“We find that by carefully designing the chemical contact of molecules to graphene-based materials, we can tune their functionality,” said Dr Rungger. “Our single-molecule diodes showed that the rectification direction of electric current can be indeed switched by changing the nature of chemical contact of each molecule,” added Dr Rudnev.

“We are confident that our findings represent a significant step towards the practical exploitation of molecular electronic devices, and we expect a significant change in the research field direction following our path of room-temperature stable chemical bonding,” summarized Dr Kaliginedi. The findings will also help researchers working in electro-catalysis and energy conversion research design graphene/molecule interfaces in their experimental systems to improve the efficiency of the catalyst or device.

Learn more:Graphene electrodes offer new functionalities in molecular electronic nanodevices

 

 

The Latest on: Molecular electronic nanodevices
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“GPS in space”: NPL and University of Leicester bring autonomous interplanetary travel closer to reality

via www.nasa.gov

via www.nasa.gov

An accurate method for spacecraft navigation takes a leap forward today as the National Physical Laboratory (NPL) and the University of Leicester publish a paper that reveals a spacecraft’s position in space in the direction of a particular pulsar can be calculated autonomously, using a small X-ray telescope on board the craft, to an accuracy of 2km.

The method uses X-rays emitted from pulsars, which can be used to work out the position of a craft in space in 3D to an accuracy of 30 km at the distance of Neptune. Pulsars are dead stars that emit radiation in the form of X-rays and other electromagnetic waves. For a certain type of pulsar, called ‘millisecond pulsars’, the pulses of radiation occur with the regularity and precision of an atomic clock and could be used much like GPS in space.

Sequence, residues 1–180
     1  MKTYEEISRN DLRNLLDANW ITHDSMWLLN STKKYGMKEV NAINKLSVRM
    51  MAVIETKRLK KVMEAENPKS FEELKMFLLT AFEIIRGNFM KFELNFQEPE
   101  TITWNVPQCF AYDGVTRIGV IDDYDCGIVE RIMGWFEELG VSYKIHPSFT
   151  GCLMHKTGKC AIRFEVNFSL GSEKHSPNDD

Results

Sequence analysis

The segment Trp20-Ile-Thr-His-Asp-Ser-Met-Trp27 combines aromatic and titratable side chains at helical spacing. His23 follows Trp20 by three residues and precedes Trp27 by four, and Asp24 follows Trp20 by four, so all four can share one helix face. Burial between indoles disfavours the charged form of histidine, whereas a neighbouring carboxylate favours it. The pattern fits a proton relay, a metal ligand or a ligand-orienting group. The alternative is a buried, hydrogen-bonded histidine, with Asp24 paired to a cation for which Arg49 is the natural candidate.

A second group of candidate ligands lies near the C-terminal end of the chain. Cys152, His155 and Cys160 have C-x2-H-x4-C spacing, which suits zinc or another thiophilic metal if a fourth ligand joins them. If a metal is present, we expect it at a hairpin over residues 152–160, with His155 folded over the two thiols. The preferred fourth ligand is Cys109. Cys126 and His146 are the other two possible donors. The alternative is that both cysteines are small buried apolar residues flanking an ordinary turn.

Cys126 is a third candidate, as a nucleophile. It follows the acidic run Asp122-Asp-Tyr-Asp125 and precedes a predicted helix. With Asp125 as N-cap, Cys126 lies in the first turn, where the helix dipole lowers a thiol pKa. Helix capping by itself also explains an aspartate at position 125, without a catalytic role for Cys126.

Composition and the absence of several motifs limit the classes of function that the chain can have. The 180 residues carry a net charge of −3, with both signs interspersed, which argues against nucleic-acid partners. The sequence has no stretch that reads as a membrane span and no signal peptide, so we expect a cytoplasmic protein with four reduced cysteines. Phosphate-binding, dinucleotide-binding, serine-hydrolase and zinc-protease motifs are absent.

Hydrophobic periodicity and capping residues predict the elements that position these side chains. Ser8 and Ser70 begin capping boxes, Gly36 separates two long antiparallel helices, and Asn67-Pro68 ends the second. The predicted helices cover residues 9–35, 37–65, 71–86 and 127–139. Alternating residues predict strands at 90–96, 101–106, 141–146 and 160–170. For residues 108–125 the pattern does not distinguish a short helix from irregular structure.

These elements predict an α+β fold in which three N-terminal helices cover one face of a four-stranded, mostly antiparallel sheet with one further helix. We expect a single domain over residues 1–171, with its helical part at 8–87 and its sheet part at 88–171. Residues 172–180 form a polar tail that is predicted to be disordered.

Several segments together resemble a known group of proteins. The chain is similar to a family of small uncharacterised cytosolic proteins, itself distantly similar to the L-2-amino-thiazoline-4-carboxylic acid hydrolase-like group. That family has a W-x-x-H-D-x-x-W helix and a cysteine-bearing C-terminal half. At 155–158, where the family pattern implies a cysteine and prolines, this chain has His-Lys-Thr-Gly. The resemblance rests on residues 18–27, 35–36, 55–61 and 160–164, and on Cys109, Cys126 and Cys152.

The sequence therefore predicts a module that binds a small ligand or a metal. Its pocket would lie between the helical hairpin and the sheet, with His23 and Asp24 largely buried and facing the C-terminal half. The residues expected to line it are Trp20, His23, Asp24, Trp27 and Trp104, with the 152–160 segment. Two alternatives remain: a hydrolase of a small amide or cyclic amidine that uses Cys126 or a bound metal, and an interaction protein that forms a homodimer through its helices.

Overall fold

The paper, published in Experimental Astronomy, details simulations undertaken using data, such as the pulsar positions and a craft’s distance from the Sun, for a European Space Agency feasibility study of the concept. The simulations took these data and tested the concept of triangulation by pulsars with current technology (an X-ray telescope designed and developed by the University of Leicester) and position, velocity and timing analysis undertaken by NPL. This generated a list of usable pulsars and measurements of how accurately a small telescope can lock onto these pulsars and calculate a location. Although most X-ray telescopes are large and would allow higher accuracies, the team focused on technology that could be small and light enough to be developed in future as part of a practical spacecraft subsystem. The key findings are:

–          At a distance of 30 astronomical units – the approximate distance of Neptune from the Earth – an accuracy of 2km or 5km can be calculated in the direction of a particular pulsar, called PSR B1937+21, by locking onto the pulsar for ten or one hours respectively

–          By locking onto three pulsars, a 3D location with an accuracy of 30km can be calculated